Greek composers followed the great trend of Orientalism in European operetta (see Seiragakis, 2013: 35-42 and Evangelou, 2022: 100-106) the heyday of which would be associated with the first great explosion of exoticism in Greek artistic activity during the interwar period, approximately from 1916 to 1935. These works are characterized by a complete exotic phantasmagoria, with the libretto, music, sets and costumes contributing to its creation. More rarely, in the operetta (as well as in the revue), the fragmented appearance of exotic places and people is observed.

One such case is the song "Xelogiastra" from the three-act operetta "I despoinis Sorolop" (Miss Laziness) by Theofrastos Sakellaridis. The play premiered on July 28, 1924 (and not on the 27th, as stated in the musical score, see I vradyni newspaper, Year A', issue No. 279, 28/8/1924, page 3) by the Fotis Samartzis - Nikos Miliadis troupe, at the Alhambra Τheater. Initially, the lead role of Miss Sorolop (that is, Miss Laziness) was performed by Afroditi Laoutari and from September 18 onwards by Olympia Kantioti-Ritsiardi.

The song tells the story of a slave girl who, when the “mad pasha who lives among the gold” discovers that “some lad has swept her off her feet and ravished her heart”, murders the court singer in a rage. The metaphysical atmosphere is intensified when the murdered singer haunts the slave girl.

Even though it is a duet between the two central characters of the play, that is, Miss Sorolop and Mr. Kornelidis, in this recording it is performed by the singer Giorgos Vidalis. This performance includes three of the five stanzas of the song's lyrics (for all lyrics, see here).

The musical phrase used in the chorus of this song, in the part beginning with the lyrics "Gialeli leli leli", is also found in a later revue. More specifically, in the chorus of the song "Mousme", which comes from the 1925 revue "Protevousiana" (big-city girl/woman) by Aimilios Dragatsis, Antonis Vottis and Grigoris Konstantinidis, which premiered on June 23, 1925 at the Kentrikon Theater, in Athens, by the Alekos Gonidis troupe. We should point out that in “Mousme’s” commercial musical score, the song is labeled as "blues-fox on an oriental motif" (Blues fox sur un motif oriental).

Accordingly, this recording of "Xelogiastra" is labeled as an "Arabic fox-trot" on the label of the record, and as an "oriental fox-trot" on the commercial musical score.

The tune is also found in Turkish discography. In February 1911 Udi Karenkin & Kemancı Mike recorded in Constantinople (Istanbul) the song "Jaleli" (Favorite 4423-t – 1-53217 και επανέκδοση Columbia USA E6133). Around 1930, in Istanbul, Karındaş Mahmut Bey recorded the song "Ya muallim ya muallim" (Sahibinin Sesi AX-1191). The tune is also found in the recording "Lalanın Eğlenceleri" (Columbia W.T. 2121 - 18545 and Columbia G.G. 1024), which contains an excerpt (from 1′ 00″ to the end) from a Turkish play. It took place in Istanbul, in 1930, by actor Komik Hasan Efendi (Kel Hasan Efendi) and E. Dedeoğlou, accompanied by an İnce Saz (Turkish style orchestra). It was also recorded under the title "Ya muallim", in Istanbul, between 1947–1956, by Şükrü Tunar (clarinet), Ahmet Yatman (qanun), Şerif İçli (oud), Ali Kocadinç (darbuka) for Balkan (Balkan 4025-B – 4025-B).

The tune can also be found in the Armenian repertoire that was recorded in America. Around 1927, Edward Bogosian (Եդուարդ Պօղոսեան) and the Gulazian Orchestra recorded "Pessan Zokanchin Kove" (Փեսան զոքանչին քովը) in New York for the label Pharos (P 322 – 549). The phrase in question can be heard after 2′ 20″.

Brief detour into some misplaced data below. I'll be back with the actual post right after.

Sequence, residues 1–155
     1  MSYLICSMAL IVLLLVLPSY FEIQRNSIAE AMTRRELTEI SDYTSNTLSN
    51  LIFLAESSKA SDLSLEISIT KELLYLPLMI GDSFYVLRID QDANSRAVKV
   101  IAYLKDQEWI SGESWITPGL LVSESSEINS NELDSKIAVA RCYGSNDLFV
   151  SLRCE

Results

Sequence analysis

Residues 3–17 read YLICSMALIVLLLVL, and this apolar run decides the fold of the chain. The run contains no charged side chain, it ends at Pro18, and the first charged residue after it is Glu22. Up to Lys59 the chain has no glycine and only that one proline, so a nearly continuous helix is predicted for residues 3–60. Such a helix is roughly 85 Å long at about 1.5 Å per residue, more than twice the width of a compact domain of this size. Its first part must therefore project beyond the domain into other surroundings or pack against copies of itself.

The tune can also be found in the Arab repertoire that was recorded in America. More specifically, in the 1940s, an unknown orchestra recorded, probably in New York, the song "Raks el Badou" (رقص إل بدو, Dance of the Bedouins), for of Alamphon (A-2020-1 - A-2020), owned by the Lebanese-Syrian Farid Alam al-Din (فريد علم الدين).

In addition to the present recording, six other covers of the song have been released:
– "Xelogiastra", by Mrs Zafeiropoulou and the Karatzas Orchestra, recorded in Athens, 1925 (Odeon Go-116 – A 154095)
– "Xelogiastra", by Tetos Dimitriadis, recorded in New York, October 1925 (Columbia 105964 – 7023-F)
– "I xelogiastra", by Eleni Vlachopoulou, O. Kokkinos and an orchestra, recorded in Athens, March 11, 1926 (HMV BJ 307-1 – AO-133/7-14222)
– "I xelogiastra", by Eleni Vlachopoulou, O. Kokkinos and an orchestra, recorded in Athens, March 11, 1926 (HMV BJ 307-2 – AO-134/7-14223)
– "I xelogiastra", by a choir and an orchestra conducted by Angelos Martinos, recorded in Athens, probably in 1927 (Polydor V-45154)
– "Xelogiastra", by Antonis Delendas, recorded in Athens, probably in 1934 (Odeon GA 1723)

The number of covers undoubtedly reflects the song's popularity.

Two advertisements have also been found, one from the play's first season in 1924 (see here) and one possibly from the 1940s (see here).

Research and text: George Evangelou, Leonardos Kounadis and Nikos Ordoulidis

Author (Composer):
Lyrics by:
Sakellaridis Theofrastos
Singer(s):
Giorgos Vidalis Trio
Orchestra-Performers:
Jazz band
Recording date:
1925
Recording location:
Athens
Language(s):
Greek
Publisher:
Odeon
Catalogue number:
A 154063
Matrix number:
Gο 72-2
Duration:
3:10
Item location:
Kounadis Archive Record Library
Physical description:
10 in. (25 cm)
Source:
Kounadis Archive
ID:
Odeon_A154063_Xelogiastra
Licensing:
cc
Reference link:
Kounadis Archive, "Xelogiastra", 2019, https://vmrebetiko.gr/en/item-en?id=10283
Lyrics:
(Miss Sorolop)
Σκλάβα του τρελού πασά
που ζει μέσα στα χρυσά
γέρνει στον κρυφό οντά της
κι αγροικάει το σεβντά της το μυστικό

(Mr Cornelides)
Κι ακούει κάποιο παλληκάρι που της είχε πάρει
τον νου και την καρδιά μια φορά
που κάτω απ’ το κάστρο κλαίει
και της κρυφολέει λυπητερά

(Miss Sorolop)Αχ! Ξελογιάστρα έβγα απ’ τα κάστρα